The Facial Hair of a Hundred Years Ago

By David Michael Newstead.

The facial hair of a hundred years ago was like a portrait gallery of old styles and the forgotten empires that created them. In Europe, this was epitomized by Kaiser Wilhelm II of Germany whose appearance would be ridiculous to modern audiences. From his elaborate uniforms and spiked helmet to his capes and long handlebar moustache, the man was practically a caricature of the past. In contrast, U.S. President Woodrow Wilson – clean-shaven and in a suit – might be seen as a harbinger of things to come. Of course, clean-shaven leaders in suits are now much more common than extravagant monarchs. And while facial hair may not be the best measure of historical changes, it’s sometimes hard to miss.

American History X Revisited

By David Michael Newstead.

American history tends to get whitewashed and Disneyfied overtime until the past seems like something it never really was. Of course, there are lots of good moments in American history and I don’t mean to diminish that. Then again, anything tends to look good when you leave out all the bad parts.

I say all that to say that race and racism are central to American history and any attempt to paper over that fact is at best a well-intentioned fantasy. In bookstores, for instance, I used to have this habit of opening up American history books and seeing if they made any real mention of Native Americans. More than a few do not. Similarly, African Americans and others tend to fall by the wayside in this grandiose national narrative we’ve constructed overtime. It’s not incorrect per se, it’s just an incomplete picture of what happened. And to quote founding father Benjamin Franklin, half a truth is often a great lie.

Lately, I keep thinking about the movie American History X. I like movies a lot, I’ll just say that now. But this isn’t one you enjoy exactly. It’s thought provoking more than anything else and sad as you watch one tragic event or bad decision leading to more of the same and you’re left to wonder if that cycle ever really ends. The film is almost twenty years old now and it follows a misguided young man as he moves into and later out of the white supremacist movement.

It had been awhile since I’d actually sat down to watch it. American History X is from the late 1990s after all. The film stars the normally affable Edward Norton who is transformed into a muscle bound Neo-Nazi skinhead covered in tattoos and swastikas. But we also get to see Norton’s character before he shaved his head and became a Nazi and the unfortunate path that took him there. Given the subject matter, it can be difficult to watch. There’s graphic violence and racism. But everything people are grappling with in 2017 is right there: xenophobia and immigration, anti-semitism and arguments about police violence, angry white people and hate proliferating the internet.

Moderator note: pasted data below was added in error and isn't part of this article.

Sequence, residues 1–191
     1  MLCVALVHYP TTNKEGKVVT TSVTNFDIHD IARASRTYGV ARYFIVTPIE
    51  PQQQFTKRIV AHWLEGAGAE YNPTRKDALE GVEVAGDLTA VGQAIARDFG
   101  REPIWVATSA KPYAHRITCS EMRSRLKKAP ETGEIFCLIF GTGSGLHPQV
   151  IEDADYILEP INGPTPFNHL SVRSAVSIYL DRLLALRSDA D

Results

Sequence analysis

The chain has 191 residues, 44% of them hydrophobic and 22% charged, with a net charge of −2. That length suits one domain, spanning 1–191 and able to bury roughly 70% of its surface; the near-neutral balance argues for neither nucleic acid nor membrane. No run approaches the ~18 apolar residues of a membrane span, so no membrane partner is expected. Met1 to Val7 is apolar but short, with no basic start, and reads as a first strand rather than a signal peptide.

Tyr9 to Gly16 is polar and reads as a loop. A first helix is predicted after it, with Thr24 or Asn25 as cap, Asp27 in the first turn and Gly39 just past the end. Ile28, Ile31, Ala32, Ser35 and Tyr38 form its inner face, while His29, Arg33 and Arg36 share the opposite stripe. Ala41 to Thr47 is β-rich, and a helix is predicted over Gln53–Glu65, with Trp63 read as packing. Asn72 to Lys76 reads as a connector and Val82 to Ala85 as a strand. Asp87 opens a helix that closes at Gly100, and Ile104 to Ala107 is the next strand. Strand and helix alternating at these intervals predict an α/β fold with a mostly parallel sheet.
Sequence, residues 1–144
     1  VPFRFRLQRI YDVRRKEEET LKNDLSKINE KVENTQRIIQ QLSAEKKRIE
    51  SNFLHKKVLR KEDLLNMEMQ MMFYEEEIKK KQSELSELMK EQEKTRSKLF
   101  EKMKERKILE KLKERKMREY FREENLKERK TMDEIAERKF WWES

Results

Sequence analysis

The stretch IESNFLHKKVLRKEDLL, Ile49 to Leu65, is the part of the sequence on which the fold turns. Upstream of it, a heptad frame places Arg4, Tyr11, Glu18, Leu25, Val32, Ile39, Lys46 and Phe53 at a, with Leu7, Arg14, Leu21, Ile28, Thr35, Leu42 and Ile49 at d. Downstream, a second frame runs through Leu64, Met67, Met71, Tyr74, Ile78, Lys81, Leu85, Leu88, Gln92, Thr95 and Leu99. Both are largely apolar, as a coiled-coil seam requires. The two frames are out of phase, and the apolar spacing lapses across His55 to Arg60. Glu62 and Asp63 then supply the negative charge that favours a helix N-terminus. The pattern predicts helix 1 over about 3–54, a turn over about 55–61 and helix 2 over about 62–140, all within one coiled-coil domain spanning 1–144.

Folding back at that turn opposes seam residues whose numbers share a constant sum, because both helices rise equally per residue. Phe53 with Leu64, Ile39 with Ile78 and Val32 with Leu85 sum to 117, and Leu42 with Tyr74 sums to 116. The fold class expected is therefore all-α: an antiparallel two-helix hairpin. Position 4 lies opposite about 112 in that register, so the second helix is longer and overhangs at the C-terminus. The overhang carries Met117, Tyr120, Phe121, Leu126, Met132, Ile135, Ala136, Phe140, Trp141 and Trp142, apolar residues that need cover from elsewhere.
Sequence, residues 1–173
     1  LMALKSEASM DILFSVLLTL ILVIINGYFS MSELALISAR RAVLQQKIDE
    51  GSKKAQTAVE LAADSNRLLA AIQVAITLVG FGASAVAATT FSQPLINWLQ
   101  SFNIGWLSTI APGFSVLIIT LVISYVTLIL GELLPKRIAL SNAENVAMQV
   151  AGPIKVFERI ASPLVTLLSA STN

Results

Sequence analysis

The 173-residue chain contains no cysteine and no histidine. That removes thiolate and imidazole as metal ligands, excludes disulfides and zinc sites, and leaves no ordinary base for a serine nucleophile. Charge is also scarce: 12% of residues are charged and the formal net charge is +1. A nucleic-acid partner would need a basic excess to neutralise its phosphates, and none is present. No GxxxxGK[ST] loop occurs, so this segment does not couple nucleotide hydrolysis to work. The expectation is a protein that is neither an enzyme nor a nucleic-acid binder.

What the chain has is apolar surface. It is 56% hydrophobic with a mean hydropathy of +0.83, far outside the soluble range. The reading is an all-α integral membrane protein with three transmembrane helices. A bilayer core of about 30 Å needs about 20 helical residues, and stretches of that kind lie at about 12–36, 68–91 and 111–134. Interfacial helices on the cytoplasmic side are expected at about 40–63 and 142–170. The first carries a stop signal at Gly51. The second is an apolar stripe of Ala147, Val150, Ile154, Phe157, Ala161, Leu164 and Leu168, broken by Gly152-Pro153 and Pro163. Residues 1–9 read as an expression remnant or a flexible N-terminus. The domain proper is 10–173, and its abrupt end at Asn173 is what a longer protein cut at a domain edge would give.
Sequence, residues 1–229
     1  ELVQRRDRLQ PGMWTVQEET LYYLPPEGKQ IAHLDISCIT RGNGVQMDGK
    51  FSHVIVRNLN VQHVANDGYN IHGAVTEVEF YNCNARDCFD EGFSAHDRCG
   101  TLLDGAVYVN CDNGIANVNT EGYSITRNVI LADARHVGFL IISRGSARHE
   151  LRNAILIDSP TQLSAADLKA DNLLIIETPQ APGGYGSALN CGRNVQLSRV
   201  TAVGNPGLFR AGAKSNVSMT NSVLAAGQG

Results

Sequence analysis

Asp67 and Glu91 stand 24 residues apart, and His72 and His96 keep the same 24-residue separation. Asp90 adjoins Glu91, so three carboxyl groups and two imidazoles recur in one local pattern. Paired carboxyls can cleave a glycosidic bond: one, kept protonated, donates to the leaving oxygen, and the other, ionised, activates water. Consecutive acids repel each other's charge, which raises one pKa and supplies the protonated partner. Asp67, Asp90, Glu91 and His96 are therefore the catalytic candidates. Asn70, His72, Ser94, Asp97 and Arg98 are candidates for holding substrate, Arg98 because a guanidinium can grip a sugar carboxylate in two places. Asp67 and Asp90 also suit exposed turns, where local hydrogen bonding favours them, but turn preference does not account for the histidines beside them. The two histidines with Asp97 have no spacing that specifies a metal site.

As an audience though, we’re not just bombarded with hate for the sake of it. You watch how the main character and his brother are pulled in. And you get to see them realize everything that’s wrong with it, how their anger and grief were manipulated. How that hate solved nothing. Is that some kind of redemption? I don’t know. The movie ends with a quote from Abraham Lincoln and so that’s what I’ll leave you with: We are not enemies, but friends. We must not be enemies. Though passion may have strained it must not break our bonds of affection. The mystic chords of memory will swell when again touched, as surely they will be, by the better angels of our nature.

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The Most Famous Beard

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By David Michael Newstead.

Fidel Castro is interesting the way a time capsule is interesting, because his reign intersects with so many major events in world history: the Cuban Revolution, the Cold War, the Bay of Pigs Invasion, the Cuban Missile Crisis, the rise of Che Guevara, the Mariel Boatlift, and more. And how many other world leaders ruled through the entire period between President Eisenhower and President Obama, between Nikita Khrushchev and Vladimir Putin? Throughout the years, a caricature of Castro entered our culture and has remained a fixture for decades. He was a bearded revolutionary in green fatigues who gave eight hour long speeches, smoked Cuban cigars, and evaded multiple assassination attempts by the CIA. Outside of that portrait, of course, Fidel Castro was a highly polarizing figure with generations worth of criticisms leveled against him regarding human rights abuses, his communist dictatorship, and the perennial impoverishment of the Cuban people. With his passing, it’s hard to say what the future holds for a place John F. Kennedy called “that imprisoned island”. Over the last fifty years, Fidel Castro went from being a young revolutionary to a senior citizen. The Soviet Union collapsed. And the classic cars in Havana became mechanical reminders of life before the American embargo in 1960. When those cars will finally breakdown and when the ruling Communist Party will finally fall from power is anyone’s guess. But Castro once said that he never shaved his beard, because it saved him time throughout the year. As it turns out, time catches up to us all.